Hands On Originals – a Lexington, Kentucky-based, Christian-run company – has never refused to do business with a customer based on their personal beliefs, Blaine Adamson, the managing owner, told Christian Today.
But in 2012 Adamson and his staff felt compelled to abstain from printing a message on their T-shirts for a gay pride event because it went against his convictions.
The Gay and Lesbian Services Organization promoting the event quickly filed a discrimination lawsuit against Adamson and his business.
At the time of the refusal, Adamson realized that his actions would probably lead to a lawsuit. But he believed in his conscience that he was doing the right thing to honor God.
His case was taken up by Alliance Defending Freedom. The original ruling, handed down by the Lexington-Fayette Urban County Human Rights Commission in 2014, went against Adamson.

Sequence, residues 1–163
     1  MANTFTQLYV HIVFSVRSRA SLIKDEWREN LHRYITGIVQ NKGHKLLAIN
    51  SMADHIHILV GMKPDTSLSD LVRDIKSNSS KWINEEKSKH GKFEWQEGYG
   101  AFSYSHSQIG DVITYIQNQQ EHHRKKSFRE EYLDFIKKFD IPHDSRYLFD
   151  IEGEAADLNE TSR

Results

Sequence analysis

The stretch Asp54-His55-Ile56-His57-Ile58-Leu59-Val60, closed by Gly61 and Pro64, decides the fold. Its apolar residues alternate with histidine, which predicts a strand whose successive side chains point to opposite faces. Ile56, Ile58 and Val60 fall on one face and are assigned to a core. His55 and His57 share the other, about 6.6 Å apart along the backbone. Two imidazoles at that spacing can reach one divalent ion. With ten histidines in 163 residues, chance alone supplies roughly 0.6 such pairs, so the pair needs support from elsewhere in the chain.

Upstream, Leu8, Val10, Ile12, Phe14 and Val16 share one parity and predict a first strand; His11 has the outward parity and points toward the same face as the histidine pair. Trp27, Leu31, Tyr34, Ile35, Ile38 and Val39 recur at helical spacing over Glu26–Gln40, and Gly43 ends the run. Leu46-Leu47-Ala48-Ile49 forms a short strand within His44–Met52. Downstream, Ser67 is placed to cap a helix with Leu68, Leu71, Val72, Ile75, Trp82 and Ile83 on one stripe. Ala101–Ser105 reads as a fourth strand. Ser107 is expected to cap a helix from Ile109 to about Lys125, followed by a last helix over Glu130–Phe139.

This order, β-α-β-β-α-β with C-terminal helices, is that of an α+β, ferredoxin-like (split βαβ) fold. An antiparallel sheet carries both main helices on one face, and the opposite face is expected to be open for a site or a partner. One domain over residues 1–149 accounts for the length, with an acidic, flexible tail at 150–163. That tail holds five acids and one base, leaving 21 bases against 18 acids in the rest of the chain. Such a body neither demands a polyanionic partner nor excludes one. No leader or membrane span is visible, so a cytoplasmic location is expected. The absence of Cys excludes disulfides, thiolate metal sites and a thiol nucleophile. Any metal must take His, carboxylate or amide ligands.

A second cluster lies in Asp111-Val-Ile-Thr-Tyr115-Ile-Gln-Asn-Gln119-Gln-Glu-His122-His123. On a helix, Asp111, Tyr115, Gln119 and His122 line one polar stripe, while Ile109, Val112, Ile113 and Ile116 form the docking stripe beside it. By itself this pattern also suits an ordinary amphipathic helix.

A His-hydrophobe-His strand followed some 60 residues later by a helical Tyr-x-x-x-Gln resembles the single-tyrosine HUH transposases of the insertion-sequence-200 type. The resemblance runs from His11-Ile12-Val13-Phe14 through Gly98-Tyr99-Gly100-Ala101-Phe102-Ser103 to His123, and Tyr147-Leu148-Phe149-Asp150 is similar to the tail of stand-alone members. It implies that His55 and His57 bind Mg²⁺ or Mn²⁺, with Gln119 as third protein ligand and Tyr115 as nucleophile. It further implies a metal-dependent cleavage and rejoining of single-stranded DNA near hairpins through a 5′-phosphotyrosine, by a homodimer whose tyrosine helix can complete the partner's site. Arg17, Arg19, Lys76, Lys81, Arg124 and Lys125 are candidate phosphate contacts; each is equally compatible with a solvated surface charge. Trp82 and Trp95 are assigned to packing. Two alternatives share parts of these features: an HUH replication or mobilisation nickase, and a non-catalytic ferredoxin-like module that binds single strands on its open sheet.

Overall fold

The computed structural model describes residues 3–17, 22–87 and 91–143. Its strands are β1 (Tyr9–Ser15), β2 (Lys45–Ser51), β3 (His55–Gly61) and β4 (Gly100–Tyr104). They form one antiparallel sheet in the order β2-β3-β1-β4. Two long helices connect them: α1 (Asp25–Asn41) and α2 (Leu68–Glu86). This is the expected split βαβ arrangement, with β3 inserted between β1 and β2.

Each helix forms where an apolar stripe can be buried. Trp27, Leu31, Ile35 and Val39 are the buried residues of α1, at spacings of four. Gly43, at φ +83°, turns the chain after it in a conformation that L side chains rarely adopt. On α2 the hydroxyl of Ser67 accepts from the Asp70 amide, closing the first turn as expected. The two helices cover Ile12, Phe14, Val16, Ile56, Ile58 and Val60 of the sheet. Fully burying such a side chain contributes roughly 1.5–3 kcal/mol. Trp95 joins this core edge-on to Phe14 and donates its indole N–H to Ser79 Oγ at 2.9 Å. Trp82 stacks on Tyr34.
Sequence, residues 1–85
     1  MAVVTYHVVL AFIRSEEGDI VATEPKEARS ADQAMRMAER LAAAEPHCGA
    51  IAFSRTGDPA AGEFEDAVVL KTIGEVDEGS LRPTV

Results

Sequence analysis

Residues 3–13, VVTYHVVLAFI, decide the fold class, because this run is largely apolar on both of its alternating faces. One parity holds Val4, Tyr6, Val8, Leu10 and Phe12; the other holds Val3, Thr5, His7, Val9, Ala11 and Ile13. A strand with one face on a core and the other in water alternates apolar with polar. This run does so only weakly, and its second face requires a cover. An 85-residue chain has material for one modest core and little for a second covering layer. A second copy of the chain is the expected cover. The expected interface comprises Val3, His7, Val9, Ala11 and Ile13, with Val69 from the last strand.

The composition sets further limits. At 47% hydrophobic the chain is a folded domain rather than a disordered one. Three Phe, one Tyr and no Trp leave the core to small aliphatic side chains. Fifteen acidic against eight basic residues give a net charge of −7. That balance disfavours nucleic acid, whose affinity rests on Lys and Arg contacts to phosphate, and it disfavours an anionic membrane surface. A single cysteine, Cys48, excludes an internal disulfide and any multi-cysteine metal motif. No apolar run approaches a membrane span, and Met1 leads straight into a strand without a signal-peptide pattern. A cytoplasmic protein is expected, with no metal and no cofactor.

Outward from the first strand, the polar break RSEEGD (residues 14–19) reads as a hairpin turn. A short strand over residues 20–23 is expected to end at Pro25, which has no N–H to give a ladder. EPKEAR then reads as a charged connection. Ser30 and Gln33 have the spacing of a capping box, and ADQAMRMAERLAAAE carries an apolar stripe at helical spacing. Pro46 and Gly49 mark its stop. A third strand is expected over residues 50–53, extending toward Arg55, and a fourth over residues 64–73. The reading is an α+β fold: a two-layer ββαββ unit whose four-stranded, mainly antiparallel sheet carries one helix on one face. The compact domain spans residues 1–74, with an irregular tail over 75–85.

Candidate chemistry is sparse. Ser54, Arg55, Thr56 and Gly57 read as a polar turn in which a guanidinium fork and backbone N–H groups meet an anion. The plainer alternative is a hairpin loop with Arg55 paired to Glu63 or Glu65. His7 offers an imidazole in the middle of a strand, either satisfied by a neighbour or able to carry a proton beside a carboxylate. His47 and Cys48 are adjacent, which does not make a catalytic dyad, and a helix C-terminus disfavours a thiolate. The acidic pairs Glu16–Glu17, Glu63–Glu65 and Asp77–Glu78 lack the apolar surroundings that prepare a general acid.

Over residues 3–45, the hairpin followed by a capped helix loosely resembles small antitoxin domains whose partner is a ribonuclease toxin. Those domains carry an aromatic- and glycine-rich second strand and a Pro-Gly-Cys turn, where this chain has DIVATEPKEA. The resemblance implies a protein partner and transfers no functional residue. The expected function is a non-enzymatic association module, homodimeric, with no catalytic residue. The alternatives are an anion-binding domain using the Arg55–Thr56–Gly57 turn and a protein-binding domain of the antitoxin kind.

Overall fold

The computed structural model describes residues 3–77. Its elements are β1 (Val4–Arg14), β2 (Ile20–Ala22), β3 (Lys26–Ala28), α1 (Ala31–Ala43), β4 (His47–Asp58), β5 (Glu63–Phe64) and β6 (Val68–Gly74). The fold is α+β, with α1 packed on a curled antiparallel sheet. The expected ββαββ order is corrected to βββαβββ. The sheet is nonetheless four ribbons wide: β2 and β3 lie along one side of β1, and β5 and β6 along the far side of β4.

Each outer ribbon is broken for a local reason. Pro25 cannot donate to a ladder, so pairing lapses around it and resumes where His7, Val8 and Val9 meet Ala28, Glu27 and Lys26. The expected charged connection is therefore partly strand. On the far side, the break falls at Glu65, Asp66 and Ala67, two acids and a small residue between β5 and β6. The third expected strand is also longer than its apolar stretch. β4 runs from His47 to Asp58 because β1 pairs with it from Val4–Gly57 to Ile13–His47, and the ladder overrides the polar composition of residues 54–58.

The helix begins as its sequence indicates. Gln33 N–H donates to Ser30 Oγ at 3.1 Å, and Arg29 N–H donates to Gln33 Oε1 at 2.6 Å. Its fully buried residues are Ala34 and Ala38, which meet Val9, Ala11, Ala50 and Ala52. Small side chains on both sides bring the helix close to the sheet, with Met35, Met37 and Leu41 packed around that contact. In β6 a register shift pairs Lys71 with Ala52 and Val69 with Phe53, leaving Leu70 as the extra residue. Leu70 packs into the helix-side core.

Attorneys for ADF appealed the case to the Fayette Circuit Court, who then overruled the original ruling.
“Americans should always have the freedom to believe, the freedom to express those beliefs, and the freedom to not express ideas that would violate their conscience,” ADF Senior Counsel Jim Campbell said in a statement.
He added, “It is also a victory for all Americans because it reassures us that, no matter what you believe, the law can’t force you to express a message in conflict with your deepest convictions.”
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